Algunderweg 3

Etzenricht, Germany

Algunderweg 3

Etzenricht, Germany
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Grey I.E.,CSIRO | Keck E.,Algunderweg 3 | Kampf A.R.,Natural History Museum of Los Angeles County | MacRae C.M.,CSIRO | And 2 more authors.
Mineralogical Magazine | Year: 2017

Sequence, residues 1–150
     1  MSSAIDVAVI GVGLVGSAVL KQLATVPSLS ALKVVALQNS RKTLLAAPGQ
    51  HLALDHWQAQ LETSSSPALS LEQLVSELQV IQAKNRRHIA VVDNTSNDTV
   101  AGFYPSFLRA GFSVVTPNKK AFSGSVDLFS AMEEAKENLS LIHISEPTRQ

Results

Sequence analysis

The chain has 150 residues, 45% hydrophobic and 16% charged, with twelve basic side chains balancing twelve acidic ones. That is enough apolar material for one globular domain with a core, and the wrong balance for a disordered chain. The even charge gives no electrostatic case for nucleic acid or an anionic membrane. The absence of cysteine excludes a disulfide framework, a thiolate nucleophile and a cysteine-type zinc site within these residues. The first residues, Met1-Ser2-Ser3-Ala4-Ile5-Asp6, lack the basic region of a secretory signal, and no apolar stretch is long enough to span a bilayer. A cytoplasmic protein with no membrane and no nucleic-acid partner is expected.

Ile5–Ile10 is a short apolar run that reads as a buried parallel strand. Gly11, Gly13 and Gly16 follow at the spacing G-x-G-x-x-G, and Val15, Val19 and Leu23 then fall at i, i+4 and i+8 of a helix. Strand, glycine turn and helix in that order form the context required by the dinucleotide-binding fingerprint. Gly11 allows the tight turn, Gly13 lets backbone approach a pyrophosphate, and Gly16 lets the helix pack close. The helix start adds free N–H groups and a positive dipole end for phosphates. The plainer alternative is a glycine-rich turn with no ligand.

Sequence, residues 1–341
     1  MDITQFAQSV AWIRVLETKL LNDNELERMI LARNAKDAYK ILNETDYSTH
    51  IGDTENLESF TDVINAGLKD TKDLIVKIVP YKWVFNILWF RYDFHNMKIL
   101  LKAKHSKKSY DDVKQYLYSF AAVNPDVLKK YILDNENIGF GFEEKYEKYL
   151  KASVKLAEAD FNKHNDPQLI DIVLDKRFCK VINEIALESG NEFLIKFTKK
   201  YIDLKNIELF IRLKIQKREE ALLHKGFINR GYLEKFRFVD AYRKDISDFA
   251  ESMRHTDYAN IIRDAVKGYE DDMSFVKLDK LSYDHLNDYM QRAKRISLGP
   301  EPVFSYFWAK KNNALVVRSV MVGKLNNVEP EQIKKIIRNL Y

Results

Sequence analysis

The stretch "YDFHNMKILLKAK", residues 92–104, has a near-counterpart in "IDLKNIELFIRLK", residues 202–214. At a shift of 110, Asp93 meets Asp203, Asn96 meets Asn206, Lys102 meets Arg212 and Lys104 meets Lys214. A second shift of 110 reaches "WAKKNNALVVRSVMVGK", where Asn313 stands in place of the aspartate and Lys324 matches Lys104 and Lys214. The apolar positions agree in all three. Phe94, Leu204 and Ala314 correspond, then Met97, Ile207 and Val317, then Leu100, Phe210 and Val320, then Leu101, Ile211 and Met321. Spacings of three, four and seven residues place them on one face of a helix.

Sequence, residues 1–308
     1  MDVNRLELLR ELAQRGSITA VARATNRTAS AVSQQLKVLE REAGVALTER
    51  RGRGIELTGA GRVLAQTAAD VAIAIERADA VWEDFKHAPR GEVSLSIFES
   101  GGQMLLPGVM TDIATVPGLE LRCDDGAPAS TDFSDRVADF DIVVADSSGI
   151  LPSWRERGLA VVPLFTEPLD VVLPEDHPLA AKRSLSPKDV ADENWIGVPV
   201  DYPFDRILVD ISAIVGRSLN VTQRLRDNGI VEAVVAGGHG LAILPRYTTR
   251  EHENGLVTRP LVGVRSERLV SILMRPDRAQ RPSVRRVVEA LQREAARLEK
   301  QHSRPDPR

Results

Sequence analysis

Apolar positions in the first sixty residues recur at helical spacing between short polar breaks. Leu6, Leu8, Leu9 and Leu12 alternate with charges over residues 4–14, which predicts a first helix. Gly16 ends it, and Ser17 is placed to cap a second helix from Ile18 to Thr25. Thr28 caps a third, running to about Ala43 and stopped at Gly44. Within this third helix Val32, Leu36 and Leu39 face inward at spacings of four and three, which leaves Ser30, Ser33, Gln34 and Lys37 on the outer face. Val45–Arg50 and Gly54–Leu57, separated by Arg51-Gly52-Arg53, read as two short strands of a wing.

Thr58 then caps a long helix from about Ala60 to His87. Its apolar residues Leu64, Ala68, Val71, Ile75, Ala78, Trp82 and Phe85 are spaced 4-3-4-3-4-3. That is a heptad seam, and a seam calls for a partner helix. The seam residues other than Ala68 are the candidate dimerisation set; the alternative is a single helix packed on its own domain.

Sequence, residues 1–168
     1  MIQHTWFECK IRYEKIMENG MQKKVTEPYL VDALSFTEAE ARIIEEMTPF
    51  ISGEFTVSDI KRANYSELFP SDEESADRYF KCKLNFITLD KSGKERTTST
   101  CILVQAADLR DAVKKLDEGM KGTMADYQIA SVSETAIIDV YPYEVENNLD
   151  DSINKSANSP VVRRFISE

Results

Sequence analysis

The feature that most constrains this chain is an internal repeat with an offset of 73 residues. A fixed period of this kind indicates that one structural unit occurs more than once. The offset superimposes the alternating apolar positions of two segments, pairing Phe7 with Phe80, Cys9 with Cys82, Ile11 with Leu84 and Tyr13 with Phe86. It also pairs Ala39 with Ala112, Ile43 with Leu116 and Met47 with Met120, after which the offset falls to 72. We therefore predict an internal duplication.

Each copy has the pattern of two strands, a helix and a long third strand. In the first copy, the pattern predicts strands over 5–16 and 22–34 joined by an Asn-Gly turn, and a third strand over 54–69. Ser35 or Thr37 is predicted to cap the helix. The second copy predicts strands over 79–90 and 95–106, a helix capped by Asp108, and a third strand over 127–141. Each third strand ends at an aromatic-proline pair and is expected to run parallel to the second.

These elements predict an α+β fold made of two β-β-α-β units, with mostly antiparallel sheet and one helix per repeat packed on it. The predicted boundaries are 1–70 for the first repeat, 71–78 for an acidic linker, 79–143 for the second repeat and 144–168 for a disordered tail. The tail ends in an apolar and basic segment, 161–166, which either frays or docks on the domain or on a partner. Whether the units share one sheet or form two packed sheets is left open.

Wilhelmgümbelite, ideally [ZnFe2+Fe3+ 3(PO4)3(OH)4(H2O)5]·2H2O, is a new secondary phosphate mineral related closely to schoonerite, [ZnMnFe2+ 2Fe3+(PO4)3(OH)2(H2O)7]·2H2O, from oxidized zones of the Hagendorf-Süd pegmatite, Hagendorf, Oberpfalz, Bavaria, Germany. Wilhelmgümbelite occurs as radiating sprays of needle-like rectangular laths, up to 0.2 mm long and with colour varying from light yellow brown to orange red. Cleavage is perfect parallel to {010}. The mineral is associated closely with an oxidized pseudomorph of phosphophyllite, recently named steinmetzite. Other associated minerals are albite, apatite, chalcophanite, jahnsite, mitridatite, muscovite and quartz. The calculated density of wilhelmgümbelite is 2.82 g cm-3. It is optically biaxial (+) with α = 1.560(2), β = 1.669(2), γ = 1.718(2), 2V(meas) = 63(1)° and 2V(calc.) = 65°. Dispersion is weak with r > v, orientation X = b, Y = c, Z = a. Pleochroism is weak, with colours Z = orange brown, Y = yellow brown, X = light yellow brown, Z >> Y > X. Electron microprobe analyses (average of seven analyses, seven crystals) with H2O and FeO/Fe2O3 calculated on structural grounds, gave FeO 5.8, Fe2O3 25.0, MnO 2.6, ZnO 16.4, P2O5 28.7, H2O 23.4, total 101.9 wt.%. The empirical formula, scaled to 3 P and OH- A djusted for charge balance is Zn1.50Mn2+ 0.27Fe2+ 0.60Fe3+ 2.33(PO4)3·(OH)2.73(H2O)8.27. The structural formula is [Zn(Mn0.27Fe3+ 0.73)∑1.0(Zn0.25Fe2+ 0.15Fe3+ 0.60)∑1.0(Zn0.25Fe2+ 0.45)∑0.7Fe3+(PO4)3(OH,H2O)9]·2H2O. Wilhelmgümbelite has orthorhombic symmetry, Pmab, Z = 4, with the unit-cell parameters of a = 10.987(7) Å, b = 25.378(13) Å, c = 6.387(6) Å and V = 1781(2) Å3. The strongest lines in the powder X-ray diffraction pattern are [dobs in Å(Iobs) (hkl)] 12.65 (100) (020); 8.339 (5) (120); 6.421 (14) (001); 6.228 (8) (011); 4.223 (30) (120) and 2.111 (7) (0 12 0). Wilhelmgümbelite is an oxidized form of schoonerite, with the Mn2+ replaced principally by Fe3+. Its structure differs from that of schoonerite in having the Zn partitioned between two different sites, one five-coordinated as in schoonerite and the other tetrahedrally coordinated. Wilhelmgümbelite also differs structurally from schoonerite in having partial occupation of one of the Fe sites, which appears to be correlated with the Zn partitioning. © 2017 The Mineralogical Society.